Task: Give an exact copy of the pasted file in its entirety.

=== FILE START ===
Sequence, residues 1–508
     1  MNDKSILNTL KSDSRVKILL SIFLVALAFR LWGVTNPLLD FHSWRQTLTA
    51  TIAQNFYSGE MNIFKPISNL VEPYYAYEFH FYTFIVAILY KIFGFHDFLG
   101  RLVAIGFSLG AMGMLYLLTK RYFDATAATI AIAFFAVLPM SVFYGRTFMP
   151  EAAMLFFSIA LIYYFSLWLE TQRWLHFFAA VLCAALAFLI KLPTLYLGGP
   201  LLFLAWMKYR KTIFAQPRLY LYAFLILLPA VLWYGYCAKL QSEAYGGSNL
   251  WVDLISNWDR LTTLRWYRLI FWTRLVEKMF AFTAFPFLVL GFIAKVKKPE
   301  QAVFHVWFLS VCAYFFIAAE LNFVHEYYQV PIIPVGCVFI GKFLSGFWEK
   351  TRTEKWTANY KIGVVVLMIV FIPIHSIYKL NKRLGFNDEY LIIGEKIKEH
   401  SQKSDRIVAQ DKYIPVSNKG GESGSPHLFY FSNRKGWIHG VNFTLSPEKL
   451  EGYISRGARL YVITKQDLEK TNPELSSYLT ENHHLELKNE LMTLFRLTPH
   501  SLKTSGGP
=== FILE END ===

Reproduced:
Sequence, residues 1–508
     1  MNDKSILNTL KSDSRVKILL SIFLVALAFR LWGVTNPLLD FHSWRQTLTA
    51  TIAQNFYSGE MNIFKPISNL VEPYYAYEFH FYTFIVAILY KIFGFHDFLG
   101  RLVAIGFSLG AMGMLYLLTK RYFDATAATI AIAFFAVLPM SVFYGRTFMP
   151  EAAMLFFSIA LIYYFSLWLE TQRWLHFFAA VLCAALAFLI KLPTLYLGGP
   201  LLFLAWMKYR KTIFAQPRLY LYAFLILLPA VLWYGYCAKL QSEAYGGSNL
   251  WVDLISNWDR LTTLRWYRLI FWTRLVEKMF AFTAFPFLVL GFIAKVKKPE
   301  QAVFHVWFLS VCAYFFIAAE LNFVHEYYQV PIIPVGCVFI GKFLSGFWEK
   351  TRTEKWTANY KIGVVVLMIV FIPIHSIYKL NKRLGFNDEY LIIGEKIKEH
   401  SQKSDRIVAQ DKYIPVSNKG GESGSPHLFY FSNRKGWIHG VNFTLSPEKL
   451  EGYISRGARL YVITKQDLEK TNPELSSYLT ENHHLELKNE LMTLFRLTPH
   501  SLKTSGGP